289. Sing, My Tongue, How Glorious Battle

Part I
1 Sing, my tongue, how glorious battle
glorious victory became;
and above the cross, his trophy,
tell the triumph and the fame,
tell how he, the world's Redeemer,
by his death for us o'ercame.

2 God in pity saw us fallen,
shamed and sunk in misery,
when we fell on death by tasting
fruit of the forbidden tree:
then another tree was chosen
which the world from death should free.

3 Thus the scheme of our salvation
was of old in order laid,
that the manifold deceiver's
art by art might be outweighed,
and the lure the foe put forward
into means of healing made.

4 Therefore, when the appointed fullness
of the holy time was come,
he was sent, who maketh all things,
forth from God's eternal home;
thus he came to earth incarnate,
offspring of a virgin's womb.

Part II
5 Thirty years among us dwelling,
his appointed time fulfilled,
born for this, he meets his Passion,
for that this he freely willed:
on the cross the Lamb is lifted,
where his life-blood shall be spilled.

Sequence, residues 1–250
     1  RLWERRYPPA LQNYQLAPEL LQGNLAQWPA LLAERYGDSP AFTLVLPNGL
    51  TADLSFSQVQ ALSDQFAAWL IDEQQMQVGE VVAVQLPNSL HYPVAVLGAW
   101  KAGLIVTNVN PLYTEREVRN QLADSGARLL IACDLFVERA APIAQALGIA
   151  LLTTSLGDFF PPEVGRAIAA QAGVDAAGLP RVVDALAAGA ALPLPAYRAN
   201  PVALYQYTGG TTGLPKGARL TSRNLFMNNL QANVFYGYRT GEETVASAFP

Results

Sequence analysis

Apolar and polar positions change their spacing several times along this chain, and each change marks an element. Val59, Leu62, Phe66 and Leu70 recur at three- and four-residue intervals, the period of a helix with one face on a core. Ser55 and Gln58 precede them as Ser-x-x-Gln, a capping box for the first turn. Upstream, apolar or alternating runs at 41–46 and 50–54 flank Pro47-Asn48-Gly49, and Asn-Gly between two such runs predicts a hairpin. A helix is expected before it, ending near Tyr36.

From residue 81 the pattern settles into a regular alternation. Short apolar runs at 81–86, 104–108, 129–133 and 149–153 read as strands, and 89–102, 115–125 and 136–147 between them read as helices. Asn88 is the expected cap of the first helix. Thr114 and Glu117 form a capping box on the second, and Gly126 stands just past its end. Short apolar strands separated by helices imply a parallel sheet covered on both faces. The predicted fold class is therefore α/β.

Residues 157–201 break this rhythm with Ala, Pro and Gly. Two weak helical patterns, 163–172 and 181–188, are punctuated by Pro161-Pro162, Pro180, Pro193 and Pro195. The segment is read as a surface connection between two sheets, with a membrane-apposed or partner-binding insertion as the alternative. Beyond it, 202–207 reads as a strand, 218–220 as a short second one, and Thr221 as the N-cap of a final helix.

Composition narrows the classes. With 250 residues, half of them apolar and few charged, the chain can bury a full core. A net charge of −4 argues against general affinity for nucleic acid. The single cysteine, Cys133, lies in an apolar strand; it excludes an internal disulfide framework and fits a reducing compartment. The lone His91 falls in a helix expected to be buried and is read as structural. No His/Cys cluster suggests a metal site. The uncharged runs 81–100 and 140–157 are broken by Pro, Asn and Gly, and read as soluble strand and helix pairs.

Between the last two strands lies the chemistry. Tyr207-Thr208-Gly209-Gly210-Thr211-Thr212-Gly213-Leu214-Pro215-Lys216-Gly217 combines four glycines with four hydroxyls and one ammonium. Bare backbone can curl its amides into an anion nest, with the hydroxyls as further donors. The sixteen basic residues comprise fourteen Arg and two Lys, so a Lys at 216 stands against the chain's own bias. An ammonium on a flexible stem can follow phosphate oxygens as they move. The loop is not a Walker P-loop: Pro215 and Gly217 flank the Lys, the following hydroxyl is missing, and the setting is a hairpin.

6 Faithful cross! above all other,
one and only noble tree!
None in foliage, none in blossom,
none in fruit thy peer may be!
Sweetest wood and sweetest iron!
Sweetest weight is hung on thee.

7 Thou alone wast counted worthy
this world's ransom to uphold;
for a shipwrecked race preparing
harbor, like the ark of old;
with the sacred blood anointed
from the smitten Lamb that rolled.

8 To the Trinity be glory
everlasting, as is meet;
equal to the Father, equal
to the Son and Paraclete:
Trinal Unity, whose praises
all created things repeat.

Text Information
First Line: Sing, my tongue, how glorious battle
Title: Sing, My Tongue, How Glorious Battle
Author: Venantius Fortunatus
Publication Date: 1985
Meter: 8.7.8.7.8.7
Scripture: Genesis 3:6; Galatians 4:4
Topic: Jesus Christ: Life and Ministry; Jesus Christ: Passion and Cross
Source: Pange lingua;
Language: English
Tune Information
Name: PICARDY
Arranger: R. Vaughan Williams
Meter: 8.7.8.7.8.7
Key: d minor
Source: French carol melody
Copyright: Arr. from the English Hymnal; used by permission of Oxford University Press



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